Thursday July 25, 2024
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First Lady Glenna Bevin recently invited more than 80 children and family members from across Kentucky directly affected by pediatric cancer to the Governor’s Mansion for a pajama party.

The children and their families were treated to dinner, crafts, music and a movie. Additionally, the American Childhood Cancer Organization provided books for each child, sibling and parent with information on clinical trials, psychosocial support, education related issues and long-term survivorship.

“Matt and I were so honored to host Pjammin’®,” said Mrs. Bevin. “It was a night full of fun, and seeing the excitement on the faces of all the children brought joy to everyone in the Governor’s Mansion. Pediatric cancer affects more families than people realize. It is an issue I hold close to my heart, and I hope other Governors and First Ladies will take part in this amazing initiative.”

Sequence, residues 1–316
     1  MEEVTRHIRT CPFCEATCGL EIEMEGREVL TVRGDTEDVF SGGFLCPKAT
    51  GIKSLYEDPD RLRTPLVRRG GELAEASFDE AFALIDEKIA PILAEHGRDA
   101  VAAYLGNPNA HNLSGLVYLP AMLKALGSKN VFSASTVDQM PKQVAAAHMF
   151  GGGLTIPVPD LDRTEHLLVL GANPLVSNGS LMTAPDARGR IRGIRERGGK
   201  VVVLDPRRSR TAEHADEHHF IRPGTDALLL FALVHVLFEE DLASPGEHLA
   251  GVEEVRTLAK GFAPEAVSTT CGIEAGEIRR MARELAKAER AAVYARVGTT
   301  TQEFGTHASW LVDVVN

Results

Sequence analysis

Gov. and Mrs. Bevin joined forces with Kentucky Pediatric Cancer Research Trust Fund and Kentucky Pediatric Cancer Foundation to be the first Governor and First Lady to host a Pjammin’® event at the Governor’s Mansion.
This Pjammin’® event benefited the Kentucky Pediatric Cancer Foundation, a new non-profit organization created to work with the Kentucky Pediatric Cancer Research Trust Fund. Through Pjammin’®, in addition to funds raised through tax check-offs, ACCO has raised nearly $45,000 to support innovative research for Kentucky children fighting cancer.

“You can’t do everything, but you can do something.” That phrase served as the theme for today’s Child Abuse Awareness Summit in Northern Kentucky. Children’s Home of Northern Kentucky (CHNK) hosted the event in collaboration with three other child welfare organizations: DCCH Center for Children and Families (Ft. Mitchell, Kentucky), Holly Hill Children’s Services (California, Kentucky), and St. Joseph Orphanage (Cincinnati, Ohio).